About the Robert F. Rushmer Endowed Lecture
The Robert F. Rushmer Endowed Lectureship was created to bring outstanding leaders in the field of bioengineering to the University of Washington community for exchange of ideas. The first Rushmer Lecture was held in 1987.
This lecture honors Dr. Robert F. Rushmer, who, in 1967, founded the UW Center for Bioengineering, which later became the Department of Bioengineering. An extraordinary pioneer, mentor and leader, he had a vision to establish a place where many different disciplines work together towards a common goal of providing an improved quality of life for all.
Dr. Rushmer began his work at the UW in 1947 in the Department of Physiology and Biophysics, where his team of physics and engineering students developed a battery of equipment to monitor the cardiovascular system in healthy, active animals without inflicting pain. The team was able to monitor cardiac functions in engineering terms — changing dimensions, pressure, flow and derived variables such as acceleration, power and work. In the 1950s, Dr. Rushmer and his colleagues applied Doppler ultrasound to imaging the pumping heart and measuring blood flow. These diagnostic devices were credited with reducing premature deaths from circulatory diseases. The technology was also modified to detect fetal heartbeats. Dr. Rushmer received many honors and awards for these cardiovascular and ultrasound monitors. Several earlier models were displayed at the Smithsonian Museum.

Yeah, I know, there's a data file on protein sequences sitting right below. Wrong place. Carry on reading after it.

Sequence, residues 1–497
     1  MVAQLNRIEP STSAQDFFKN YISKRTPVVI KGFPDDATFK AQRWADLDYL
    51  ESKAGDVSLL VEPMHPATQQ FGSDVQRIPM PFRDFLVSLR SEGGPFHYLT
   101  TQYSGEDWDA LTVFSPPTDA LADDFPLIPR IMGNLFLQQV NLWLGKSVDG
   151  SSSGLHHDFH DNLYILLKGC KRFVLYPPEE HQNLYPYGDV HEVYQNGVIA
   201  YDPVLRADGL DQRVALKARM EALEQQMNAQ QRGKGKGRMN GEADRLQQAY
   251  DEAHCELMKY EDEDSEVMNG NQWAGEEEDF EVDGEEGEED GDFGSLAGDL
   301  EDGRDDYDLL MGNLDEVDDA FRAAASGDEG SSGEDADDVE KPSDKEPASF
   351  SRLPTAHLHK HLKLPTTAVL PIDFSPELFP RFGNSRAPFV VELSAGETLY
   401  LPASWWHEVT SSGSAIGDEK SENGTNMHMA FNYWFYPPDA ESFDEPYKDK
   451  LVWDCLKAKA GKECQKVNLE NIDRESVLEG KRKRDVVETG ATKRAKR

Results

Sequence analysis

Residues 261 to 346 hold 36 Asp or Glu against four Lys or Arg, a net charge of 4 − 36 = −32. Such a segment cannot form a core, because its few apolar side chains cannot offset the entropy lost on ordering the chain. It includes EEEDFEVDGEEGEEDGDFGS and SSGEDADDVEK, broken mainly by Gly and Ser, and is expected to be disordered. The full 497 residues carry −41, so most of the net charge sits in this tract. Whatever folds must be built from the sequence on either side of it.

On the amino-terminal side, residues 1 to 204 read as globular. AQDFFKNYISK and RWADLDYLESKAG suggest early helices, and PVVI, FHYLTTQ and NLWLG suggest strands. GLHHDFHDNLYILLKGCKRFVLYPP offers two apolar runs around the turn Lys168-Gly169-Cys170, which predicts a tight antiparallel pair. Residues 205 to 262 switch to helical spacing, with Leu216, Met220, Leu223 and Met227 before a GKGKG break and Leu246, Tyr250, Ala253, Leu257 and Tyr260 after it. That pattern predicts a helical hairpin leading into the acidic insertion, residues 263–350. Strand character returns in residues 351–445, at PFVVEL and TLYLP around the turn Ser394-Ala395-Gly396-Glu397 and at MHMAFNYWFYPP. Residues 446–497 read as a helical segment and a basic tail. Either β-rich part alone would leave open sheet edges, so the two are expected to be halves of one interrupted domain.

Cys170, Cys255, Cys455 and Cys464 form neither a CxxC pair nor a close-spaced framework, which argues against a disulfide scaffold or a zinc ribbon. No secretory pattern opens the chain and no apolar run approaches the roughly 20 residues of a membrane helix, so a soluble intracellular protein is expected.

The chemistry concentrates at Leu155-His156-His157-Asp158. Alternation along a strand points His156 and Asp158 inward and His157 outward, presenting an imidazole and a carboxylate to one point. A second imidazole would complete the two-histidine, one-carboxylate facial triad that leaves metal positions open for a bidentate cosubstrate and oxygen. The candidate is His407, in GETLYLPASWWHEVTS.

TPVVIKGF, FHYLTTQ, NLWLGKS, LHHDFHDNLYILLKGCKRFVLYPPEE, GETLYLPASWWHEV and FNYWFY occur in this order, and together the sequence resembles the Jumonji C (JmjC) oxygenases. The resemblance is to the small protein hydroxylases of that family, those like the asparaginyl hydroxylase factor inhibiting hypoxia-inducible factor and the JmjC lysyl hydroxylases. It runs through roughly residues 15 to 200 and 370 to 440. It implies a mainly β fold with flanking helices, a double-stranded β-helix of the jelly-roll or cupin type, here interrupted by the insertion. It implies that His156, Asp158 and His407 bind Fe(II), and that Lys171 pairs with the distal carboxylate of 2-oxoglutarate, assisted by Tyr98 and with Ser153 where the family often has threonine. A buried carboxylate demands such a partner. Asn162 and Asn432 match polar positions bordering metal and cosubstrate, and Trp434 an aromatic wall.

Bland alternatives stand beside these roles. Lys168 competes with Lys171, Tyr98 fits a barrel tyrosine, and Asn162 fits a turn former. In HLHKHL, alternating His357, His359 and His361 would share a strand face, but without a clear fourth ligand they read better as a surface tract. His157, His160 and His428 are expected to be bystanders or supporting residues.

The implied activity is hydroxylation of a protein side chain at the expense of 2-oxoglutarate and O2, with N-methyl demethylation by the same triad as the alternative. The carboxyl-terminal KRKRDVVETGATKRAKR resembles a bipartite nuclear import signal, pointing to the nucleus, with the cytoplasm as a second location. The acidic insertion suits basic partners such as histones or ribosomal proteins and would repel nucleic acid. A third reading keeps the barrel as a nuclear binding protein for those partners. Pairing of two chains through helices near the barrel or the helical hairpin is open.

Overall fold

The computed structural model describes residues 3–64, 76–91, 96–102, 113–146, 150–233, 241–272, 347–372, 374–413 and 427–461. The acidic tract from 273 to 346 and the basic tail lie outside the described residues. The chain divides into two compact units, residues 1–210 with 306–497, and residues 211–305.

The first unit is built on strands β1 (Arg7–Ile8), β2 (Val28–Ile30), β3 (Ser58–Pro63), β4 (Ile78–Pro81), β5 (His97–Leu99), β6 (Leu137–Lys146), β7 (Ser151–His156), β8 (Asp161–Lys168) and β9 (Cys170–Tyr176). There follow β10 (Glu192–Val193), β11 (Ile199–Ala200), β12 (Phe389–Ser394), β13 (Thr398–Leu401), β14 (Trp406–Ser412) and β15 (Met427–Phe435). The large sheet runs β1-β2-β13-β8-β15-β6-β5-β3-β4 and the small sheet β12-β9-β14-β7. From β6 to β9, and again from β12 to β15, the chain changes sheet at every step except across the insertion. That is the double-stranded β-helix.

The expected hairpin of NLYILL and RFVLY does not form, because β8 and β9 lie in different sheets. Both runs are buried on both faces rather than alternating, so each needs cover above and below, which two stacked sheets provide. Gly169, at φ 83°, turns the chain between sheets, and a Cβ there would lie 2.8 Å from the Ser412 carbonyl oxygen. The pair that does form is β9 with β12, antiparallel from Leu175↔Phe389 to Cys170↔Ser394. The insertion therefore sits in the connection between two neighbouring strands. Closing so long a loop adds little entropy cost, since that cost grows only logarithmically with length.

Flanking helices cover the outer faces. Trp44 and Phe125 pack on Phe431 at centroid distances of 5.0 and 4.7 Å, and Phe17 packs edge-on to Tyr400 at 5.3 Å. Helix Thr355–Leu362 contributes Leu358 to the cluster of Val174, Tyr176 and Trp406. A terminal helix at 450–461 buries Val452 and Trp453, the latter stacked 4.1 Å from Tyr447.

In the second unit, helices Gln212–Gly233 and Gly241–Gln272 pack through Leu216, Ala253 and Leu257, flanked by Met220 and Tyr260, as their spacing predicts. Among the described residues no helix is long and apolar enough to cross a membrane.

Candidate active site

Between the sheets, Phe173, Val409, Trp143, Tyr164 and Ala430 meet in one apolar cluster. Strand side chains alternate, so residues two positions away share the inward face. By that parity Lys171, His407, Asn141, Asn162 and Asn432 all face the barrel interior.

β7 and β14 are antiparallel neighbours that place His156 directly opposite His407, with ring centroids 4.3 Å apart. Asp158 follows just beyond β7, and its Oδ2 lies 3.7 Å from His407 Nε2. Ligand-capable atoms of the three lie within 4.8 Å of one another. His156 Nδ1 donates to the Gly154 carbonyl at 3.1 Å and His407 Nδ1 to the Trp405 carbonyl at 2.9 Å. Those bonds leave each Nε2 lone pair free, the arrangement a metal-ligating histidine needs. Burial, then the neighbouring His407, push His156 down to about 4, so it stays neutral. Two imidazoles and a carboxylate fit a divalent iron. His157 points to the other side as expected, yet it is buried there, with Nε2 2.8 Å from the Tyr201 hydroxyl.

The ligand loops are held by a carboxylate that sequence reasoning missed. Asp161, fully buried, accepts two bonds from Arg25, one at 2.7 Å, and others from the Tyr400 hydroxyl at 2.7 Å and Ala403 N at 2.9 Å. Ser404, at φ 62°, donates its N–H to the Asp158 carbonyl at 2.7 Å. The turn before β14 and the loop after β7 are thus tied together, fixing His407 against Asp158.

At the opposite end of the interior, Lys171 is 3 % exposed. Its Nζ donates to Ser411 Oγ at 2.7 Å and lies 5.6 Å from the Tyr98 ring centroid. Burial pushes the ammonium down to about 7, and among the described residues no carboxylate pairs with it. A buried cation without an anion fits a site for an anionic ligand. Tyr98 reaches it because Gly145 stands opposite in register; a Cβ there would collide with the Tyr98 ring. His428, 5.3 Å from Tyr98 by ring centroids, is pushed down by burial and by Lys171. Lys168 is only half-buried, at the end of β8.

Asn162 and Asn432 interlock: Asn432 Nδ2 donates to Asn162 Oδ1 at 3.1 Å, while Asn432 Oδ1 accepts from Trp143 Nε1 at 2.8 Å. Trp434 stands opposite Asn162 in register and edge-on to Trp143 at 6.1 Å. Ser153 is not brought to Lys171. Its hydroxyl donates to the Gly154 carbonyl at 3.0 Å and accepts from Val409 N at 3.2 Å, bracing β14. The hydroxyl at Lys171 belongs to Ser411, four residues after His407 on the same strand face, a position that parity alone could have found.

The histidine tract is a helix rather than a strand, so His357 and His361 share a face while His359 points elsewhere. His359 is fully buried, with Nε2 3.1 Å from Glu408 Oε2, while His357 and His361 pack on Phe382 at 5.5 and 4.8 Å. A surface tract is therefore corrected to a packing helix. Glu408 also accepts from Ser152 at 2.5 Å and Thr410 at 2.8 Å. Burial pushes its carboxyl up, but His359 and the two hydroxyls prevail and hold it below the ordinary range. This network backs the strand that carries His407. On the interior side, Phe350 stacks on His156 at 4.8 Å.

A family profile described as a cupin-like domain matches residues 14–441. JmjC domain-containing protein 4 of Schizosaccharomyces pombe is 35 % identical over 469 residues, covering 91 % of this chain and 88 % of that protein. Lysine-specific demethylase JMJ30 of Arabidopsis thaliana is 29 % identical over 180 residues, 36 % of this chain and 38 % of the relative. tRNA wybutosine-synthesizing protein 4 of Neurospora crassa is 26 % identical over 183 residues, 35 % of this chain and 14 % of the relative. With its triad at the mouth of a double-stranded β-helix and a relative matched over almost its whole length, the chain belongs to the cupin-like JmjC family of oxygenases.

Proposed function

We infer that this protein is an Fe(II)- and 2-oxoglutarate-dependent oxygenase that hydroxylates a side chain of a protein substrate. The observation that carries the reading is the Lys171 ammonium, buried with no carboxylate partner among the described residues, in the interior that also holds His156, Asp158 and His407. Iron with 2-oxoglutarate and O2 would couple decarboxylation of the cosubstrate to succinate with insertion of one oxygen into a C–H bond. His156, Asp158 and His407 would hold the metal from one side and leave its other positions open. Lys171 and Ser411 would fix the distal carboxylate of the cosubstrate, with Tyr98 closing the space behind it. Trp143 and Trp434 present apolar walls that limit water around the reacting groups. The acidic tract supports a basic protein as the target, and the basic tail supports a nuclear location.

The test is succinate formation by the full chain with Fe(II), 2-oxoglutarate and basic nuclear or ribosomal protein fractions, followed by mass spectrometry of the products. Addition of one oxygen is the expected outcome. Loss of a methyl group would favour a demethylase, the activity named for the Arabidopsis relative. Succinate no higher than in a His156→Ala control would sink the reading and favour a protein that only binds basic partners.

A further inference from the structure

Throughout his life, Dr. Rushmer advocated for using medical technology appropriately and for considering the ethical, political, social and technological consequences of medical advances.